Blind man asks to be charged with cannabis possession to challenge law

30-year-old Dundalk resident is completely blind

A man who has had both his eyes removed due to glaucoma has handed himself into gardai with a quantity of herbal cannabis in a protest designed to challenge the law regarding the use of the drug for medicinal purposes. Video: Darragh Bambrick

Fri, Jan 24, 2014, 13:36

A man who has had both his eyes removed due to glaucoma has handed himself into gardaí with a quantity of herbal cannabis in a protest designed to challenge the law regarding the use of the drug for medicinal purposes.

Mark Fitzsimons (30) has been  blind for the last five years and believes that by being prosecuted for possession he may be able to avail of free legal aid in order to test legislation.

On Thursday, with the help of his cane and carer, the Dundalk resident presented himself to gardaí with a small quantity of the drug and requested he be charged with possession in order to secure a court appearance.

Gardaí confiscated the substance and issued him with a formal caution. Once a test confirms it is cannabis, Mr Fitzsimons is expected to receive a summons to attend court.

“I am delighted; it went really well,” he said after emerging from the Garda station.

Mr Fitzsimons said he had discovered as a teenager the medicinal effects of the drug and believes it should be made available to others.

“More and more studies show that cannabis can be used and is used and it’s the best form of treatment for it,” he claimed. “I also found out it’s an anti-inflammatory.

“The older I got the more certain I became of it. I remember saying this to people and all they would say is, ‘that’s illegal’.”

He said that while people he spoke to dismissed cannabis as a recreational drug, he had been given prescription pain killers that took him six months to come off when he had his second eye removed five years ago.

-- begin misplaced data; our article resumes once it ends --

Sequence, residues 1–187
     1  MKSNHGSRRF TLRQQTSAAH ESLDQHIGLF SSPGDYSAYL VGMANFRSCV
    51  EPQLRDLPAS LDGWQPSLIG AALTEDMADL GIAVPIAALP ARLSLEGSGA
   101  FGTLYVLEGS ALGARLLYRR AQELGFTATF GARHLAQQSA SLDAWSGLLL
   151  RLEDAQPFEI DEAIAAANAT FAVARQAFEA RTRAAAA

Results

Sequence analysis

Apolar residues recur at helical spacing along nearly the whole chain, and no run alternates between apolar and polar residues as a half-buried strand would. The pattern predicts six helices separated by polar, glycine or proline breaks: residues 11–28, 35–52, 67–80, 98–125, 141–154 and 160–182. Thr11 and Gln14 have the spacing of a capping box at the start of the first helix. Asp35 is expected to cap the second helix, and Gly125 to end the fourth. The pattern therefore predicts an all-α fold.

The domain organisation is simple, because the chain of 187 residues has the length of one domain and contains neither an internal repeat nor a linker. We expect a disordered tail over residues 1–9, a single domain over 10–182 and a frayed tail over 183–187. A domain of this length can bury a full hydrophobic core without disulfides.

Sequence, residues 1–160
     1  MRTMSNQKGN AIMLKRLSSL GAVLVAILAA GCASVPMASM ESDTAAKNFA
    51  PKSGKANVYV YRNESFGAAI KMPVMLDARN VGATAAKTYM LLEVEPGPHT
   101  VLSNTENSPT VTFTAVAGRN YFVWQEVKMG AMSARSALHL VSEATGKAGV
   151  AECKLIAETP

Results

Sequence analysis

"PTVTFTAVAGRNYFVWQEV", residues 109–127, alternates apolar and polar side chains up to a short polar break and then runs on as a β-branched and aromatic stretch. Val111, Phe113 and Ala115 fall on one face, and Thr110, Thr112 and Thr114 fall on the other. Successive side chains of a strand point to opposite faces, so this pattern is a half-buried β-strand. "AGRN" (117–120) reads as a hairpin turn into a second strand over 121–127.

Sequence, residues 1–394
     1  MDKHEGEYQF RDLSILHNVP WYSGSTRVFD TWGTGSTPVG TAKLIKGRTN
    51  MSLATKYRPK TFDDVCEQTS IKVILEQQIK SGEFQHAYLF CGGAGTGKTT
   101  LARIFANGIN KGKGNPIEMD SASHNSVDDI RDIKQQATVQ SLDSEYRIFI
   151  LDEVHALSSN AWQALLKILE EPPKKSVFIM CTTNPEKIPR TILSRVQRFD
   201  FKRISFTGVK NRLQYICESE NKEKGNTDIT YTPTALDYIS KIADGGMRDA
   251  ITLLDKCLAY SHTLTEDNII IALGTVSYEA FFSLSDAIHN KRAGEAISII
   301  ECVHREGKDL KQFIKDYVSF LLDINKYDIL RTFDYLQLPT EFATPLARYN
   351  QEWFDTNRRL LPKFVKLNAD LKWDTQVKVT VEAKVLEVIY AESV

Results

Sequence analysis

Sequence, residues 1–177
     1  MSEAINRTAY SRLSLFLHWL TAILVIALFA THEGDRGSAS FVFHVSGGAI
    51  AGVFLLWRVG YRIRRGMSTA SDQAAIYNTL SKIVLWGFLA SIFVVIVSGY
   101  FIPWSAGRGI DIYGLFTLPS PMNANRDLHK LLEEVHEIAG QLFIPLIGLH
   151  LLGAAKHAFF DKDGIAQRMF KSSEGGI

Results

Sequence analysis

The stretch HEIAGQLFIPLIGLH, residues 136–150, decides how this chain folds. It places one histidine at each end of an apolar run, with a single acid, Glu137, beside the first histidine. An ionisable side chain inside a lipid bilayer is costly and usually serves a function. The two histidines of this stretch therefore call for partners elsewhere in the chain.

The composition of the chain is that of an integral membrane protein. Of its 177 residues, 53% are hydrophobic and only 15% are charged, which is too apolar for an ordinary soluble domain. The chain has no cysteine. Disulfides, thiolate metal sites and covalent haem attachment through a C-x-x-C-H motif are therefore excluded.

Today, he says, he uses it to help alleviate occasional phantom pains.

Glaucoma is a condition that, if untreated, can eventually lead to total blindness. It results from the over production of “aqueous humour” fluid which creates necessary pressure in the eyes. If the fluid does not drain properly, it causes an increase in pressure which can damage the optic nerve.

Mr Fitzsimons believes that aside from alleviating pain, cannabis can be used to treat the condition, not necessarily through smoking, by reducing pressure. He says he may have kept his eyes had it been a medical option.

While his theory is bound to cause debate, his hopes for a legal challenge are designed to do exactly that.

In a pre-prepared statement to gardaí, he said it was his conviction that the drug offers “massive potential benefits” for glaucoma and other serious illness.

“At the moment I can’t challenge the law because I don’t have the money to challenge it and that is the same for most people who have a medical situation,” he said.

After being processed by gardaí he emerged victorious, explaining: “They said when the analysis comes back, if it’s legitimate cannabis I will receive a summons.” He now awaits his day in court.

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